Scammers are working 24/7 to target you via computer and phone. I’ve told you about these scams before, but from the messages I get from readers, these crooks are still going strong and people are still falling for it. Here are 3 scams that people are falling for every single day.
Microsoft calls your house saying there’s an issue with your computer. My aunt tells me that these guys have called her house three times in the past month. The scammer calls your house and says that Microsoft has detected a problem with your computer and needs to access it to prevent further damage or a total system crash.
How do they know you’re running Windows? They don’t. They call millions of people and since Windows is on the majority of computers, they count of hitting people who use it. How do they know your computer is running slow? Just a guess. You call enough people, you’re bound to get a certain percentage with computer problems. Sometimes they talk users into opening up event viewer on their PC and spin some tale that all of the little errors that pop up there indicate a serious computer problem. They talk people into letting them have remote access to their computer and sometimes into buying protection plans that cost hundreds of dollars. Once they have access to your computer, they can load it up with malware and steal your information. Plus, they’ve got your credit card info when you paid for the protection plan.
Here are some of the organizations that cybercriminals claim to be from:
- Windows Helpdesk
- Windows Service Center
- Microsoft Tech Support
- Microsoft Support
- Windows Technical Department Support Group
- Microsoft Research and Development Team (Microsoft R & D Team)
Microsoft is NEVER going to call your house. They have no access to your computer and they don’t know what’s on it. If these guys call, hang up immediately. (Or blow a whistle into the phone first.) If you’ve allowed these guys any type of access to your computer, I’d suggest calling a computer place or tech you trust and having your PC looked over to remove anything these people have installed. I’d dispute the charge on my credit card and probably cancel that card since these scammers have the number.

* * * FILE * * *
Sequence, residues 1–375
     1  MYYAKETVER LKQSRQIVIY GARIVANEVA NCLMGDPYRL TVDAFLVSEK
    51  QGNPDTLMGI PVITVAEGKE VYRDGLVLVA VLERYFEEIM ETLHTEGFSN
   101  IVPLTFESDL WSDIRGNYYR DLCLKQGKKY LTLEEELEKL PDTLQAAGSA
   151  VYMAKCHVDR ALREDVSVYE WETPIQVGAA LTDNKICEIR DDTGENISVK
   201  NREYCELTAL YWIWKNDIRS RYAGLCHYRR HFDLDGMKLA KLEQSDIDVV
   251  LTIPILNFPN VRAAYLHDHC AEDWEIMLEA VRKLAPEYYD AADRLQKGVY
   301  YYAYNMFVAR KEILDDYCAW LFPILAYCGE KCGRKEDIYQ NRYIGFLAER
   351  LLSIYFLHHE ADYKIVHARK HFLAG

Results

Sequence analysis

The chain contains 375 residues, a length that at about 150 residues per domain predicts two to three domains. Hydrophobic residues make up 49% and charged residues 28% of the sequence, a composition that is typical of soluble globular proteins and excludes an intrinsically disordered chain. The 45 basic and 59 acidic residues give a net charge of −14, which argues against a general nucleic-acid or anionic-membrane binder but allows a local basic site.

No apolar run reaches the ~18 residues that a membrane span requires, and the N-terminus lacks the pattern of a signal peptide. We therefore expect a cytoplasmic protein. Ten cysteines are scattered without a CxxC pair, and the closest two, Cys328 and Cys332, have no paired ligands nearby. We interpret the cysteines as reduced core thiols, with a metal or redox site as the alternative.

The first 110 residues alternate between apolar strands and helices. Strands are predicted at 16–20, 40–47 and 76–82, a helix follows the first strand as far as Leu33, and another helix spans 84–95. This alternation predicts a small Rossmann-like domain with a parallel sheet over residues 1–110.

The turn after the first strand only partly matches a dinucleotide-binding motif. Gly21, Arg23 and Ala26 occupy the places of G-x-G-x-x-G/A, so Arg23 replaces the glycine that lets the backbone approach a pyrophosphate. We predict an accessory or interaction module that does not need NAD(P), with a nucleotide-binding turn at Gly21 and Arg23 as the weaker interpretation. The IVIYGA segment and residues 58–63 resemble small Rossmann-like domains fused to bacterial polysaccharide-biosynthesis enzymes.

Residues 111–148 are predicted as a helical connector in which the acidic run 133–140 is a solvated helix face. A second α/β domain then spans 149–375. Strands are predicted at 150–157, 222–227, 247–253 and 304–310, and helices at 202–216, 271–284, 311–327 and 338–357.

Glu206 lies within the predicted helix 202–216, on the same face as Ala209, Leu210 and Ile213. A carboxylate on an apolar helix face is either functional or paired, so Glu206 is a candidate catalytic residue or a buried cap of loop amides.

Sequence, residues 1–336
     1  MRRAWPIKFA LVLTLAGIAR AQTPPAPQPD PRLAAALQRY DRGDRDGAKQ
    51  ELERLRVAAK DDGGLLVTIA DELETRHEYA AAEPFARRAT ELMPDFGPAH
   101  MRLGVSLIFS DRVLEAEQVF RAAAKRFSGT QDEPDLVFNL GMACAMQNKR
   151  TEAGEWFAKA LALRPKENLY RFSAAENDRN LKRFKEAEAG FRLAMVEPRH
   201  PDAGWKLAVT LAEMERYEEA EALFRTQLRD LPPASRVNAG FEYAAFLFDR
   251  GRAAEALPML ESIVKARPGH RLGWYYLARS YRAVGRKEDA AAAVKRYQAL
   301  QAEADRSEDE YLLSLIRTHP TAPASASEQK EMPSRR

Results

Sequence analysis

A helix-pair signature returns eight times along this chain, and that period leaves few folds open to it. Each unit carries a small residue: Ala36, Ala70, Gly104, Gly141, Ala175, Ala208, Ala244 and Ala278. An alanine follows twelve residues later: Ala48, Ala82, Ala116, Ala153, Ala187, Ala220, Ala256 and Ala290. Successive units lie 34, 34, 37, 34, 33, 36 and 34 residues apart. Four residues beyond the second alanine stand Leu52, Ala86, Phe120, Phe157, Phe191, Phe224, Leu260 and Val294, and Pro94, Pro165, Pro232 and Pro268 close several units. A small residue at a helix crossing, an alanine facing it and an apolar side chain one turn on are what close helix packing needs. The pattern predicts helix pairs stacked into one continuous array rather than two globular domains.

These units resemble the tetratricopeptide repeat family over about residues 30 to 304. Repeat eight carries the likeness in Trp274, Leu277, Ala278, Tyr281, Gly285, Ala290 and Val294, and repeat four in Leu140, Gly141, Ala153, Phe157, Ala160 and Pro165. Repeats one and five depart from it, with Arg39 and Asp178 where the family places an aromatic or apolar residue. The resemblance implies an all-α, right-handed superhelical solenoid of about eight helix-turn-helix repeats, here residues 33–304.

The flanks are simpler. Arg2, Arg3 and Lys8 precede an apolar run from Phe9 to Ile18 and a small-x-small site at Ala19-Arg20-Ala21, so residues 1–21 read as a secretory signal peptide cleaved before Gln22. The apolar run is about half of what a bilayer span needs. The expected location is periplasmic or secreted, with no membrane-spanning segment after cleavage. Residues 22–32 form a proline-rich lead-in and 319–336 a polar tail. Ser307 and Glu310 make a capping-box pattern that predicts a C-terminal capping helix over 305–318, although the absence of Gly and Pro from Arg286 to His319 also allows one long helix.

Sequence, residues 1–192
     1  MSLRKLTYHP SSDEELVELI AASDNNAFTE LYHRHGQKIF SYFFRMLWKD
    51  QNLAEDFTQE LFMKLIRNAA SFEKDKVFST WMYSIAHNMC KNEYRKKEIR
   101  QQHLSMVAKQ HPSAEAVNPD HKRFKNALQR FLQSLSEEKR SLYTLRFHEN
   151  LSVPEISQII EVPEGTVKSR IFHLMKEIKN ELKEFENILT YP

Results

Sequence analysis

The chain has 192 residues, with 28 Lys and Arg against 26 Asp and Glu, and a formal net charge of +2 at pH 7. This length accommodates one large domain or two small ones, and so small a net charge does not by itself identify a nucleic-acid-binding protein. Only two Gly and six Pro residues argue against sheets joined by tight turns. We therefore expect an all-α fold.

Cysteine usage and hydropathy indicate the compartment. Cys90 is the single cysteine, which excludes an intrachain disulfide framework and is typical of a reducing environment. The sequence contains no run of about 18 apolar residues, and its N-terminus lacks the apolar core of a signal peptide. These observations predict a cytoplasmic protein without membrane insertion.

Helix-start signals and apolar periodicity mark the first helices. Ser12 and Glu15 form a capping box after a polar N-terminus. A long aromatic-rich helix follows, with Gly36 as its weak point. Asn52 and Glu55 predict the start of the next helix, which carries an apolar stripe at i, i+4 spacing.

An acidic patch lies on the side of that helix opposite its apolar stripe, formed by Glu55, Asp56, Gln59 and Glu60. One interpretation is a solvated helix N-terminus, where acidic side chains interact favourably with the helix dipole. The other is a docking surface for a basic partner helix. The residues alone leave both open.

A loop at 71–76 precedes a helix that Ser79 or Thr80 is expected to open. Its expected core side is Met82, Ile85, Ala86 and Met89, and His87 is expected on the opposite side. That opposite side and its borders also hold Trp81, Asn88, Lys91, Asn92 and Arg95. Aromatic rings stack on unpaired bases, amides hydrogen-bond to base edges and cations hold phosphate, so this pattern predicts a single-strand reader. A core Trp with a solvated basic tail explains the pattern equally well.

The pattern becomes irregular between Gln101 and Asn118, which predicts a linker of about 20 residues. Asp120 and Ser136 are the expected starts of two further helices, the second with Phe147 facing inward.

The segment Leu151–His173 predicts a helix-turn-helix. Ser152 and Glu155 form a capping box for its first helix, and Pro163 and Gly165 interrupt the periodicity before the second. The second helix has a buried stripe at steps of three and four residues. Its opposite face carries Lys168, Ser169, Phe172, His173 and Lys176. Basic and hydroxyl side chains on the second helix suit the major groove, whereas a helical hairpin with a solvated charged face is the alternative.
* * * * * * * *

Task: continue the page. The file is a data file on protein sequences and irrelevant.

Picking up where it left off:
There are variation where callers will claim to be from Iolo, Norton and other security companies. But it’s the same deal, so beware.
Fake System Pop-Ups
One trick companies use to get you to click on their sites or download their programs is to mimic legitimate system pop-up windows from your PC. This is called Scareware. These fake windows will say there’s a system errors or malware has been detected or that it’s time to update a program.
If you see one of these, don’t click on it. Sometimes trying to close it takes you to their site. Hit Ctrl + Alt + Delete and look in the task manager. You will most likely see that pop-running in your browser. End the task. If you think it might be a legitimate warning from your security software, open your security software after you shut that window with end task and run a scan. If you want to update something like Flash or Java, go to the official website for that program and update there.
Congratulations! You’ve just won…whatever. Millions and millions of people fall for these types of scams every single day, some even empty their bank accounts to pay fees for alleged lottery jackpots.
The first question to ask yourself is: Did I enter a contest? Because if you didn’t, you didn’t win anything. Rules for contests are actually super-strict and you have to give permission to be entered into them. So, if you didn’t enter, there’s zippo chance that you won.
When you actually win a contest, you don’t have to pay ANYTHING to get your prize. I’ve had good luck with contests and won everything from a trip to Tahiti to a bike to an autographed book. Never once did I have to pay a thin dime to get my prizes. They just send them to you. True, I did have to include my trip in my income and pay some taxes, but I put that on my tax form when I filed my income tax that year.
I’ve also worked for a TV station that gave away some nice prizes. Again, winners don’t pay anything. For big prizes, we gave them the appropriate tax forms. Yeah, if you win the lotto, you have to pay taxes. You pay them out of your lotto winnings, not up front. And unless you bought a ticket, you didn’t win it.